One of the traditional classic
black grape varieties approved for blending in
Bordeaux, winemakers generally use
the petit verdot grape as chefs would use seasoning.
contribution this grape adds to wine is dense fruit, dark
color, powerful flavors, and heavy tannins. This is a vinous
example of "a little goes a long way": too much petit
Verdot in a blend can make the entire wine seem coarse,
rustic, or unrefined.
Although the historical origin of this grape is yet undetermined, it is likely that the petit Verdot variety was planted in Bordeaux earlier than was cabernet sauvignon. Among
Medoc producers, Chateau Lagrange, in St. Julien,
has used the greatest proportion of petit verdot grapes
in their wine; even here, it is never more than 15%
of the total, and not used at all in some vintages. Another
variety, gros verdot, despite the nominal similarity,
is unrelated and has so few desirable characteristics
and such little regard that it has nearly disappeared
late-ripening, which limits usefulness
in the coolest areas and wherever the season is typically
short, petit verdot vines tend to be quite vigorous
at producing vegetation, yet inconsistent at producing fruit, and seem to be more sensitive to vintage
conditions than other varieties. For these reasons, petit verdot vines were
routinely replaced or abandoned by most Bordeaux producers
beginning in the mid-20th Century.
Planted in suitable climes
and properly cultivated,
fruit develops in relatively
small winged clusters, loosely filled with
round, dark red-to-black, relatively thick-skinned, berries.
With improvements in vineyard
techniques and a string of generally warmer vintages
in the decade that spanned the second millennial turn-of-the-century, petit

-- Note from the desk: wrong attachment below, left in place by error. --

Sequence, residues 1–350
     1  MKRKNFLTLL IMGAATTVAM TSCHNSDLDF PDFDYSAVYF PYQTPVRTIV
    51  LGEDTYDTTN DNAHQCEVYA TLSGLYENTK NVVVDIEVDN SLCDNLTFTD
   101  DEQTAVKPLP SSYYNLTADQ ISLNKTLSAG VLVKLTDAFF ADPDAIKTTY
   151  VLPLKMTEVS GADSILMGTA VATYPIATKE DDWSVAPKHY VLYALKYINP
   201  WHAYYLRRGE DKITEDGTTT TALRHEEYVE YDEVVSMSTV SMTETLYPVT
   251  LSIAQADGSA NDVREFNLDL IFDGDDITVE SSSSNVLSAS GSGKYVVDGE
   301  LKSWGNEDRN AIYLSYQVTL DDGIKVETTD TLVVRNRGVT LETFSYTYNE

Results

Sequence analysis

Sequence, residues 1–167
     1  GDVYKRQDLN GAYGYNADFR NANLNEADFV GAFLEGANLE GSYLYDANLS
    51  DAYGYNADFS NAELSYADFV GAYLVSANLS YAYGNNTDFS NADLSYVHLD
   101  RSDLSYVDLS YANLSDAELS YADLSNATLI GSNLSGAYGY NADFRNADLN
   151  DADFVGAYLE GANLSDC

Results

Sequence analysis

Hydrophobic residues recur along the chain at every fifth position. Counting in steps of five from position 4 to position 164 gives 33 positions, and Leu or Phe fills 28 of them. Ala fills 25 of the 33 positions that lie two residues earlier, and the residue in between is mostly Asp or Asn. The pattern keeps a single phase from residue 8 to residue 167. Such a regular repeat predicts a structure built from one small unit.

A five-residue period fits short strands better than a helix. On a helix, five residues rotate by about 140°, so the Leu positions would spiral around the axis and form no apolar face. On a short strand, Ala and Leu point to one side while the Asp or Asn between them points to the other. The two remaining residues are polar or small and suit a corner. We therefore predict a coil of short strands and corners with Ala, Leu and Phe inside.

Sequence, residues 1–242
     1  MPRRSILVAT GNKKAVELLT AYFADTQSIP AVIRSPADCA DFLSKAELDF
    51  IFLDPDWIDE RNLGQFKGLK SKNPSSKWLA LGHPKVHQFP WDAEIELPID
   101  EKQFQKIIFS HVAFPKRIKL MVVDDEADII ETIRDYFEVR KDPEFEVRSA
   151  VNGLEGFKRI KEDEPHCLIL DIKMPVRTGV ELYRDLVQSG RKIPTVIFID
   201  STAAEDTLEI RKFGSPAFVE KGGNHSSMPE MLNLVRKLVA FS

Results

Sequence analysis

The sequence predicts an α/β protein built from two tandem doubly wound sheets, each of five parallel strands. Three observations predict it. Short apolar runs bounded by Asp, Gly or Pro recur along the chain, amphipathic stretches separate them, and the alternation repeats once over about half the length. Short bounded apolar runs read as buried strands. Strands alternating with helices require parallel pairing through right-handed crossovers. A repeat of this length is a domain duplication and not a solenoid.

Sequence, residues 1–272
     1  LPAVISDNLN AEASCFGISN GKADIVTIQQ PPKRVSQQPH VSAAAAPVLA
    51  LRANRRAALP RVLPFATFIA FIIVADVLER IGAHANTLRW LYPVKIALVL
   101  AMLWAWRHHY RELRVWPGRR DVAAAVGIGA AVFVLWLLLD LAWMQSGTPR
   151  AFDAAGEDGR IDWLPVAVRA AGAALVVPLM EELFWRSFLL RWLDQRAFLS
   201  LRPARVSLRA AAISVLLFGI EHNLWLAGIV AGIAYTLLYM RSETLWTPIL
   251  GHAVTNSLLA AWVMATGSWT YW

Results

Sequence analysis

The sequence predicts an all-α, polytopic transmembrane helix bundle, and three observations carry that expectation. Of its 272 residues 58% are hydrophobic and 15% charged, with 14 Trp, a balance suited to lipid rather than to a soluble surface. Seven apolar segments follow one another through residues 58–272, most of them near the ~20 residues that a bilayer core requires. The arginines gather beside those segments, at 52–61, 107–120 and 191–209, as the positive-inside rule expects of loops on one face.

verdot has enjoyed a bit of a comeback in Bordeaux. Australia
now claims the largest total acreage of petit verdot
with increasing vineyards in the New World, particularly
California and Chile, and some experimental-size plantings
in a few other American states, Canada, and New Zealand.
Verdot is occasionally, but rarely, bottled anywhere as
a stand-alone varietal. Its almost too powerful
characteristics need moderating by blending with other grape types. In
fact, it is highly unusual to see this variety making up more than
6% of the total grape mix in wines produced anywhere
outside Bordeaux's Medoc.
Petit Verdot Smell and/or Flavor Descriptors
depends upon individual tasting ability and experience
and is also affected by terroir and seasonal conditions,
as well as viticultural and enological techniques,
so this list is neither comprehensive nor exclusive,
black fruits, blackberry
Oak (light): vanilla, coconut, sweet wood
shavings, molasses, tar
(heavy): oak, smoke, toast, tar
Age: cedar, cigar box
Although petit verdot is
of minor commercial application and the general trend is
to focus on the cultivars that are most popular and easiest-to-grow,
varietal diversity is crucial to both artisan wine making
and broad variety in the consumer marketplace.